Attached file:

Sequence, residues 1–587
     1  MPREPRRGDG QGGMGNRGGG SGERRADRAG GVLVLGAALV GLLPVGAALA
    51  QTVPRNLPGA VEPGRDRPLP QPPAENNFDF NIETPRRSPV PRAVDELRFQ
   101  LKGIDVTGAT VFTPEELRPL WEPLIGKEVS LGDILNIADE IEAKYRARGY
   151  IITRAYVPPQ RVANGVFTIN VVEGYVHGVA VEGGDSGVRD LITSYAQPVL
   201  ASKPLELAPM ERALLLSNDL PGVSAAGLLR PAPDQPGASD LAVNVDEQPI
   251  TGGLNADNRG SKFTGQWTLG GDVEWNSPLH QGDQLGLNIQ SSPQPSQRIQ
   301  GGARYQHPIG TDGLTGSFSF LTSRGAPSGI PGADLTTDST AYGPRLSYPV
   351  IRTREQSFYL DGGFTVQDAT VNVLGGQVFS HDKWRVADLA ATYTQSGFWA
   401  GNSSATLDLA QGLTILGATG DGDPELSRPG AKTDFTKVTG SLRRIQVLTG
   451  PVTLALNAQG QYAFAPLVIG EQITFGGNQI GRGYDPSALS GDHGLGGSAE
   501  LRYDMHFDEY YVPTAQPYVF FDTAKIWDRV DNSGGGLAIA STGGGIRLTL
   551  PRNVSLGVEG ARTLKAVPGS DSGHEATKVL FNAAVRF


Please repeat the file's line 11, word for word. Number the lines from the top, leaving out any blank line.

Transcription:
   451  PVTLALNAQG QYAFAPLVIG EQITFGGNQI GRGYDPSALS GDHGLGGSAE